ANN ARBOR—University of Michigan researchers have created a searchable, sortable public database of Michigan zoning ordinances related to siting renewable energy, such as windmill farms and solar panel fields.
The project is supported by the Michigan Department of Environment, Great Lakes and Energy, and the database is hosted on EGLE’s web site.
Currently, more than half of Michigan’s 1,800-plus municipalities have considered renewable energy in their zoning ordinances. As utility-scale renewable energy expands, remaining communities will have a rich resource to help guide their new ordinances.
“As more and more people are looking to plan for renewable energy development in their communities, this database is designed to inform and improve their decision-making,” said Sarah Mills, project lead and senior project manager at UM’s Graham Sustainability Institute. “Planners and elected officials can see what other communities are doing, and they can compare more-to-less restrictive ordinances. We included census data so that municipalities can focus on the ordinances that were developed by communities similar to their own.”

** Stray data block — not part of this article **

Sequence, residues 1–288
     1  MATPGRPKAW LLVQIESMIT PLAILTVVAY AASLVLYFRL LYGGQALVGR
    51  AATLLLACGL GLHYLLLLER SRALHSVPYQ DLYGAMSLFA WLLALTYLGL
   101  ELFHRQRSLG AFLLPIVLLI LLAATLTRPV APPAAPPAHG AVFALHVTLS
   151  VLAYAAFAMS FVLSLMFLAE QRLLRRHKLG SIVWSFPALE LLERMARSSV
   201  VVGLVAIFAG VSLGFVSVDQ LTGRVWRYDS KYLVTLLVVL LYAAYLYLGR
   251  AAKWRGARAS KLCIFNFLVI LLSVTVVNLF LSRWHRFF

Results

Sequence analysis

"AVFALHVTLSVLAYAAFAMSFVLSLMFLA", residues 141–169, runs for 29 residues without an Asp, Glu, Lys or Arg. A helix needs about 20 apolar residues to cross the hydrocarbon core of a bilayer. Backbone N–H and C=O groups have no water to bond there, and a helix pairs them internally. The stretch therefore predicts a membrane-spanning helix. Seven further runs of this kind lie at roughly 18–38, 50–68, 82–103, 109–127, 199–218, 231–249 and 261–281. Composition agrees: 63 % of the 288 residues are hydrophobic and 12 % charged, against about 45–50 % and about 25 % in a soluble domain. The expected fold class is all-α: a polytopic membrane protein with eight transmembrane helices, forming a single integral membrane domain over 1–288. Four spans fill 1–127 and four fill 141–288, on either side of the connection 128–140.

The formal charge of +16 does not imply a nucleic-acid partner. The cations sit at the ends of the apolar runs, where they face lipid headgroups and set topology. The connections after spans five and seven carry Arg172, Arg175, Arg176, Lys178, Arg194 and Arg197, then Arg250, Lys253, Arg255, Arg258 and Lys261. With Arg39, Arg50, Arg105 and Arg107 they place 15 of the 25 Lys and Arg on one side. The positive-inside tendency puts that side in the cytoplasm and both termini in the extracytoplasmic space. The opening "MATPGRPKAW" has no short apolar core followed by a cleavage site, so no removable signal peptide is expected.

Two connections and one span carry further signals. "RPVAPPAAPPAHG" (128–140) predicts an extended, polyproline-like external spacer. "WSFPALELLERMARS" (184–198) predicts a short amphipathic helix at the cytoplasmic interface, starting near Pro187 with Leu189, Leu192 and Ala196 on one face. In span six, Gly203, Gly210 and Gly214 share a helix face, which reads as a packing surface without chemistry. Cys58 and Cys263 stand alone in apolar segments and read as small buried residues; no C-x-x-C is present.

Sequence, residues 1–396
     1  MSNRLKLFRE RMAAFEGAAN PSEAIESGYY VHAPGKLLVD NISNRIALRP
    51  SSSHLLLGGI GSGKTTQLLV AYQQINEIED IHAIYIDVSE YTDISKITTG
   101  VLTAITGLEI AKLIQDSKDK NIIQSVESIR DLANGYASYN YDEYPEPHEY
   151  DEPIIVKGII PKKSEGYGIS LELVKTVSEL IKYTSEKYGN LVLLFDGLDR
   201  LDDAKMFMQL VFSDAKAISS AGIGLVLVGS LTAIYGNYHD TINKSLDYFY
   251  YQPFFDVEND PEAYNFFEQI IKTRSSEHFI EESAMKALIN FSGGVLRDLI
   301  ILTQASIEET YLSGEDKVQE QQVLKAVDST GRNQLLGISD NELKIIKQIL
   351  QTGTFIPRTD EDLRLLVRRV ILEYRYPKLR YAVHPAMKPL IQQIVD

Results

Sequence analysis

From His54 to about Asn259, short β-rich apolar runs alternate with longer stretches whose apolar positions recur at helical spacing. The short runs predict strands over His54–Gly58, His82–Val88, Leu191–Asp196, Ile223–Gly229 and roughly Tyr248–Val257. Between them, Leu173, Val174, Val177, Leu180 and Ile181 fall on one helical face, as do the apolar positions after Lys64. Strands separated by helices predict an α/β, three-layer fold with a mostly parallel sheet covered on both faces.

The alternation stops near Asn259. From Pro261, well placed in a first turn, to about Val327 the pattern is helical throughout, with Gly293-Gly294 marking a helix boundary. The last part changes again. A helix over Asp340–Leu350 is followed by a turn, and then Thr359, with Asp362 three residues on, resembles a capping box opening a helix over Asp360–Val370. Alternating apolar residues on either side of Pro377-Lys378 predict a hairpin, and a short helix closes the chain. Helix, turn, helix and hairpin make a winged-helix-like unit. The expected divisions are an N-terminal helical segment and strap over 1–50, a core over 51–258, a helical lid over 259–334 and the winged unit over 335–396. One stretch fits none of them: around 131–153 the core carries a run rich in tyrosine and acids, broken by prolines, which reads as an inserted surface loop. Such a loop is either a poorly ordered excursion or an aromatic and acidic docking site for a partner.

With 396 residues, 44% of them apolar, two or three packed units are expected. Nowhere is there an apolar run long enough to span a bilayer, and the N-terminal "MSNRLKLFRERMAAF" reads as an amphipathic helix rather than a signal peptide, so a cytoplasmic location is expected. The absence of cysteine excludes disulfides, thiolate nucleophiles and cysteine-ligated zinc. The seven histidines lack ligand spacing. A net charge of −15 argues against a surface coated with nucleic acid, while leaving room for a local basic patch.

The database, which was launched by the state Feb. 26, is also expected to be used by developers and by researchers looking to identify emerging trends in municipal zoning. At-a-glance maps updated in real time help users quickly determine which municipalities are primed for renewable energy development with existing ordinances.
“We’ve seen a large increase in proposals for wind and solar farms in Michigan, and that demand will only grow in the coming years as utilities move away from fossil fuels,” said Liesl Clark, Michigan EGLE director. “This comprehensive database is a wonderful tool to help communities around the state achieve those goals.”
The renewable energy zoning database is a key component of the Energy Future Initiative, a partnership between the Graham Sustainability Institute and Michigan EGLE.
“Communities have wanted to see real world examples of how other Michigan communities are handling renewable zoning, but in the past it was like trying to find a needle in a haystack,” Mills said. “We are pleased to partner with EGLE to bring this unique tool to the communities that need it most.”
Mills is also a lecturer at UM’s Ford School of Public Policy and the Program in the Environment.